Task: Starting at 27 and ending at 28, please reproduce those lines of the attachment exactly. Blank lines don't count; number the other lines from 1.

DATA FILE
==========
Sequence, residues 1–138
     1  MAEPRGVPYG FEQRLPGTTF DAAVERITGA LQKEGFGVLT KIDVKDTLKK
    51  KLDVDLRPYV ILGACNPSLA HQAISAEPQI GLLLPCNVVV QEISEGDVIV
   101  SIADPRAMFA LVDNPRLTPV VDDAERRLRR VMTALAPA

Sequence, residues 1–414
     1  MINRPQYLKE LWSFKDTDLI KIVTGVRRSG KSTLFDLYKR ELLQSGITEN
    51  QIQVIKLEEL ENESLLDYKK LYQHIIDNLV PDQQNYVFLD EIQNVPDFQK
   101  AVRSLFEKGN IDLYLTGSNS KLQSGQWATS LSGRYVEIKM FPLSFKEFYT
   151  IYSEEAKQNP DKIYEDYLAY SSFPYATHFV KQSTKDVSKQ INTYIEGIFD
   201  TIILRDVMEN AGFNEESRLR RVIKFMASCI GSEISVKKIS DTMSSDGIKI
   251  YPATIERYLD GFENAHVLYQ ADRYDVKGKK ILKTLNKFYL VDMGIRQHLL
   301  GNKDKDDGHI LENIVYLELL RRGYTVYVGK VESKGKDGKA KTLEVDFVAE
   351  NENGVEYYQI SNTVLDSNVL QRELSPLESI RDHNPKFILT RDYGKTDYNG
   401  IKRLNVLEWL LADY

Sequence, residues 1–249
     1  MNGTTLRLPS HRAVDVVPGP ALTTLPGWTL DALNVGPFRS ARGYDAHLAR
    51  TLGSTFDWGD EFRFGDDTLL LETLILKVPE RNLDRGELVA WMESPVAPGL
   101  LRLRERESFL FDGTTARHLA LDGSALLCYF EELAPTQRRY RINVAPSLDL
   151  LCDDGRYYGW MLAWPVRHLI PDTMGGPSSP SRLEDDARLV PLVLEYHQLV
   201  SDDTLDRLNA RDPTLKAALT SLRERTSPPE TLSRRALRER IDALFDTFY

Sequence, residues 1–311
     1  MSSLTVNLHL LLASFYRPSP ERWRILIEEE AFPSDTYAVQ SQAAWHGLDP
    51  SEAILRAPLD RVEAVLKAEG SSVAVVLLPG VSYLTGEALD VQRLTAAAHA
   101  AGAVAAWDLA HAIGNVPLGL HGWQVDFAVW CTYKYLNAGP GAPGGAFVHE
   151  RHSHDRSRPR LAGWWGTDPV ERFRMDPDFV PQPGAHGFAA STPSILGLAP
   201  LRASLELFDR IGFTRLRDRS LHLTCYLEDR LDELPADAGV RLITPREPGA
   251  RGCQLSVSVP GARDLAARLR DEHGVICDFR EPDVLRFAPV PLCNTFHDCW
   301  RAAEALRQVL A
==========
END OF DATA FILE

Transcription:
   251  RGCQLSVSVP GARDLAARLR DEHGVICDFR EPDVLRFAPV PLCNTFHDCW
   301  RAAEALRQVL A